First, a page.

And you know what? If I was a writer I couldn't have told you this story at all. So I just got a new appreciation for being a housewife. And I'm startin' to think this is a pretty sweet gig. After all, my house doesn't care how much time I spend in it. It doesn't care if I roller skate through it. Or if I don't clean it. Or appreciate it. And most of all? Most of all I can write anything, anytime, anywhere and I don't have to answer to anyone. So, yup, I guess I kinda like being just a housewife!

19 comments:

Corinne Rodrigues said...

I've been sneaky and have been reading your posts on the quiet! This one brought me out of the woodwork! ;)

The Loerzels said...

Thanks for reading and leaving a comment to let me know you were here!

Cerebrations.biz said...

Proof that one man's (OK- housewife's) trash is another man's (or many men's) treasure!!!!!!

Blissed-Out Grandma said...

I love the point you make, that if you were a "real writer" you wouldn't be able to tell your stories. And you are way more than "just a housewife." But I like to think that nobody is "just a housewife."

Anna and Kim said...

Nicely done (the bargaining and the post). And are those zebras the same size as the one you saw before?

The Loerzels said...

@ BOG-Exactly my point!
@ Anna-No these zebras were considerably smaller, but I got TWO....which would make them the size of the ONE I really wanted if you put them together. And I paid 6 dirty towels instead of $40.

Barbara said...

You are a shameless bargainer! And all in 20 minutes! I once bargained and the only tender I had was a used lighter, I got a lovely piece of amber for it and will cherish it forever!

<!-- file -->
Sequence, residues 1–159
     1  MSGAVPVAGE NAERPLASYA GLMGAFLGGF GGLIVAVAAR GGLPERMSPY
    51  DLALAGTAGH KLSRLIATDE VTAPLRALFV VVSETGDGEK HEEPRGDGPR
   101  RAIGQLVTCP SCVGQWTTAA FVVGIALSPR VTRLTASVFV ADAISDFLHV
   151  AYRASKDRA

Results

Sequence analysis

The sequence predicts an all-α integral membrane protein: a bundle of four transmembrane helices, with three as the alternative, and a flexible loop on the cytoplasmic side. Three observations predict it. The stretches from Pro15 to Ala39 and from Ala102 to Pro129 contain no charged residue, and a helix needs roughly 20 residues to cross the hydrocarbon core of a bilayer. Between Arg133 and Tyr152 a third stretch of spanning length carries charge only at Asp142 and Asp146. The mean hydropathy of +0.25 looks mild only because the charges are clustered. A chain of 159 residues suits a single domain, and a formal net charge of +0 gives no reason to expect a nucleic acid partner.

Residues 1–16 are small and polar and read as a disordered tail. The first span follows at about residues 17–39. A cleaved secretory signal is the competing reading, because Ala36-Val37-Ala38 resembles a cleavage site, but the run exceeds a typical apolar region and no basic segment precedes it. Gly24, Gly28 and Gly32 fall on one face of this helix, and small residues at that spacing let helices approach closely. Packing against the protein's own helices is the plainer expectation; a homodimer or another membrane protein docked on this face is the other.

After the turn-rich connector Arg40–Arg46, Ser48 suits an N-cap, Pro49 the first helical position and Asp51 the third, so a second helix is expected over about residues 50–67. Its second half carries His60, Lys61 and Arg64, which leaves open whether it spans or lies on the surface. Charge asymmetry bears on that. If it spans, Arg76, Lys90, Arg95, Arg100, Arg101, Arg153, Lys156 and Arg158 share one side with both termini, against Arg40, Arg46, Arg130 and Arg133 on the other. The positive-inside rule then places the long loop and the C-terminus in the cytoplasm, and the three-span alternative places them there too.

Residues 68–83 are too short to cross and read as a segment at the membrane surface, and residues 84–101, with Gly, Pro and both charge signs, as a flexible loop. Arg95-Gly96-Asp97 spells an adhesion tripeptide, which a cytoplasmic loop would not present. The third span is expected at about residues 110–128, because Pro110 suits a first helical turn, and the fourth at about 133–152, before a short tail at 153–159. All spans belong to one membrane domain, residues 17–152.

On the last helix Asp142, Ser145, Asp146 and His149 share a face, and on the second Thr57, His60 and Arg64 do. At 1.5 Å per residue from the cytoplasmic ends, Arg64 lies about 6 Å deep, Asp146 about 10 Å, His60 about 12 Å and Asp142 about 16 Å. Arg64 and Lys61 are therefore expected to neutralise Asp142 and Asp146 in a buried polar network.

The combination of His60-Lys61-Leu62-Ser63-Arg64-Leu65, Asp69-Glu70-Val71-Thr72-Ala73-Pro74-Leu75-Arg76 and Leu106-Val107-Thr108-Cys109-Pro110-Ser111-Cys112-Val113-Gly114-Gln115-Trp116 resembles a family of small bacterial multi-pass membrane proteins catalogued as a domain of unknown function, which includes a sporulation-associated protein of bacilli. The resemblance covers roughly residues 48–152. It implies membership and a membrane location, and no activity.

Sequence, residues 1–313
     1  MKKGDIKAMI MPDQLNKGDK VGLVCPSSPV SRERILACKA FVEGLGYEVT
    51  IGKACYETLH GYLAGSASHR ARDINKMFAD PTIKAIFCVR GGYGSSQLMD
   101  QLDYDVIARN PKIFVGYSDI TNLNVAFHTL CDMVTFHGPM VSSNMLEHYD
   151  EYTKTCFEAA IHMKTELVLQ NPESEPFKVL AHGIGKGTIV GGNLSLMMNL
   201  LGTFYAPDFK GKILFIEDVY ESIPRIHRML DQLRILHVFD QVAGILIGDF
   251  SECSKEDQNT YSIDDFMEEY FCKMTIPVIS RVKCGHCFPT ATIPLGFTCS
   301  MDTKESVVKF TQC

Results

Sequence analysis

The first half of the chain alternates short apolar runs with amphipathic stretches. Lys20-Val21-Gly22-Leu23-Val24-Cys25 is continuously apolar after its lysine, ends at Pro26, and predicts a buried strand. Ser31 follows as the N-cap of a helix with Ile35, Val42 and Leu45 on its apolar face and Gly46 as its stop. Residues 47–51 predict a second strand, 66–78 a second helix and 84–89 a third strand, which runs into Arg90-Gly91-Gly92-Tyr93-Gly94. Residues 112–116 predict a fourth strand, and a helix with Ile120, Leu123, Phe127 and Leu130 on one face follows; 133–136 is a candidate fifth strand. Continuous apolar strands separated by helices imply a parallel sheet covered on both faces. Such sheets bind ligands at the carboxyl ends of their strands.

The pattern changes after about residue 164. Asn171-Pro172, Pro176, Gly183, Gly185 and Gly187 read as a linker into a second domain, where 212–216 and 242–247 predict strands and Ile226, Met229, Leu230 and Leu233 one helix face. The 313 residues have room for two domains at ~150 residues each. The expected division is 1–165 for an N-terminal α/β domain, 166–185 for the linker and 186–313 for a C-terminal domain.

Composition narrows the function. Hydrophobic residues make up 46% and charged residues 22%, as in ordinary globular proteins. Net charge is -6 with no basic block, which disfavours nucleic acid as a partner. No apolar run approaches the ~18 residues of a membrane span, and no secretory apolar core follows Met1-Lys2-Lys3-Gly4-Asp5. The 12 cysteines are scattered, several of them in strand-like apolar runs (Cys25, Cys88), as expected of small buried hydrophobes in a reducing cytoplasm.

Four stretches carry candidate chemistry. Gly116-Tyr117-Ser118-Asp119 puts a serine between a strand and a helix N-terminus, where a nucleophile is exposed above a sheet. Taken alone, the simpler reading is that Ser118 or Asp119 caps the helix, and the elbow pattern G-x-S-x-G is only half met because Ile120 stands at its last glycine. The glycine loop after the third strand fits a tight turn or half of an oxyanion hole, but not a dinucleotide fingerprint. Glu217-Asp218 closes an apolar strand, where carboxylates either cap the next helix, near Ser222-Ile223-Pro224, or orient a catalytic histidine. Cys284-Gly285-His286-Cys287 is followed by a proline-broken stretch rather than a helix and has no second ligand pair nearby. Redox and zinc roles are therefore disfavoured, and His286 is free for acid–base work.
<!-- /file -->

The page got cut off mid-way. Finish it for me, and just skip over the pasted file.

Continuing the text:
Lalia said...

Oh! I love the stuff you scored for your towels!! I actually have similar items myself. Maybe someday I'll do a post going through a tour of my house. You may never look at zebra the same way again! lol

Sine said...

Awesome post, love the story! I've heard of people basically undressing to trade for stuff, and I myself have been asked in Zimbabwe if I might part with my shirt. In hindsight I shoulda done it, makes for a much better story than saying "no way." Can't believe you got rid of dirty stuff to lug back in the process.

Stuart Nager said...

I have a large pile of laundry that can be bartered...next time you go, let me know!! ;)

fun post, as always

A Brilliant Life said...

That's awesome! And how was the rest of the trip home? Do we get anymore?

Beelzebug said...

Interesting read thanks. My wife is from Zim so she understood what you went through

Samantha Bangayan said...

Haha! =) You know, when I was younger, I always dreamed of being a "housewife" when I grew up. But this is a totally new way of seeing the title's benefits! =) Loved your tale, Marie!

cath said...

Good trade! I love bartering and have often bartered my artwork for some really cool things. :)

sweepyjean said...

Wow, you made a wonderful barter, which begs the question of the wonderful use the vendors saw for your towels. Everything is relative. You are experiencing so much than your average "housewife!"

MuMuGB said...

What a bargain! Who would have thought that towels could get you this far? Anyway, I am amazed that you went to Zimbabwe. Your family trips seem very, let's say, unusual. Maybe next time you should write: adventurous housewife?

Joy Page Manuel said...

This post is AWESOME!!!..on so many levels! I loved the visa-stamping angst and can COMPLETELY understand how demeaned you must've felt. I, too, have struggled with 'status/occupation' for the longest time. Between 'housewife' and 'homemaker' though, I'd choose the latter. But I still wish there were other more suitable, all-encompassing label...Oh well.

And those items you got! How beautiful!!

Amazing post Marie! Thank God you're not charging us for these essays :-)))

Norma R.Perkins said...

Wonderful site. A lot of useful info here. I am sending it to a few pals ans also sharing in delicious. And naturally, thank you to your effort!
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Nena P.Diaz said...

You are a very capable person!